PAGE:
"grid-size-y"- number of horizontal streets
"number"- initial number of cars for "Setup" and "Re-run", maximum number of cars when torus? is off
%vertical- percentage of cars flowing in vertical roads (%horizontal= 100-%vertical)
%southbound- percentage of cars flowing in southbound roads (%northbound= 100-%southbound)
%eastbound- percentage of cars flowing in eastbound roads (%westbound= 100-%eastbound)
prob-turn- probability of turning at an intersection
simulation-speed- regulates processing speed
speed-limit- maximum speed of cars
p- phase period for cyclic control methods ("marching", "optim", and "no-corr")
mingreen- minimum green phase for "sotl-phase" and "sotl-platoon" controls
keep-platoon- "omega" distance at which carsh are checked from green light in "sotl-platoon" control
cut-platoon- "miu" cars approaching a green light at which platoons can be cut in "sotl-platoon" control
queue-cut- lambda queue length for "cut-off" control
tolerance- "theta" threshold for all "sotl" control methods
metatolerance- attempt of metaadaptive regime. Doesn't work, keep set to zero...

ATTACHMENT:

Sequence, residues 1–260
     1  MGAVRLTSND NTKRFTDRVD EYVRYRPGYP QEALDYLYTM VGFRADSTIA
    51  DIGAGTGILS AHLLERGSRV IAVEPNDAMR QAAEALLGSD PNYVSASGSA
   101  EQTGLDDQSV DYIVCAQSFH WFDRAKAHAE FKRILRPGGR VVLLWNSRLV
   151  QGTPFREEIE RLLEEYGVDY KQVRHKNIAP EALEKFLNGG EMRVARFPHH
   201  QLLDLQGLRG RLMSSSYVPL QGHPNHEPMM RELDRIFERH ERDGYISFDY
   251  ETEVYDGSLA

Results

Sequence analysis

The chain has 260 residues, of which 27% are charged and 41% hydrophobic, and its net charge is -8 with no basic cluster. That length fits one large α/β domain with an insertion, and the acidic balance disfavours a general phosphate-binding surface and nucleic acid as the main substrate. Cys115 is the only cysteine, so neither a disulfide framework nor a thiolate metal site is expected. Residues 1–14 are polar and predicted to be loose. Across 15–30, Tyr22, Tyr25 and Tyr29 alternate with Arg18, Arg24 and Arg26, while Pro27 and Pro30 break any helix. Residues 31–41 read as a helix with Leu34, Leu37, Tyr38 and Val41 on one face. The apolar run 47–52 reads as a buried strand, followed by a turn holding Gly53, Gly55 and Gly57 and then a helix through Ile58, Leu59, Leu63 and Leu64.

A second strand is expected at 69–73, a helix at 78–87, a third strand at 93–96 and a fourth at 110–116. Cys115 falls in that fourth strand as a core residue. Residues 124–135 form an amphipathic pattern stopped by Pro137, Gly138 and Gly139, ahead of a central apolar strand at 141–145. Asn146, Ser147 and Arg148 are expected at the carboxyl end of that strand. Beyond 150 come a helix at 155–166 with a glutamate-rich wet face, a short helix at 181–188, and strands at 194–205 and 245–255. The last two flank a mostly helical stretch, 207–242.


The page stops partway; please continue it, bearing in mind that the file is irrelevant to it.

torus?- switches cyclic boundaries on and off
four-dirs?- toggle between two and four directions (needs "Setup")
power?- makes traffic lights work
yellow?- include yellow phase (1 timestep) between green and red phases
crash?- monitor crashes at intersections
plots?- switches plotting (off increases simulation speed)
CREDITS AND REFERENCES OF ORIGINAL "GRIDLOCK"
Copyright 2002 by Uri Wilensky & Walter Stroup. All rights reserved.
Permission to use, modify or redistribute this model is hereby granted, provided that both of the following requirements are followed:
To refer to this model in academic publications, please use: Wilensky, U. & Stroup, W. (2002). NetLogo HubNet Gridlock model. http://ccl.northwestern.edu/netlogo/models/HubNetGridlock. Center for Connected Learning and Computer-Based Modeling, Northwestern University, Evanston, IL.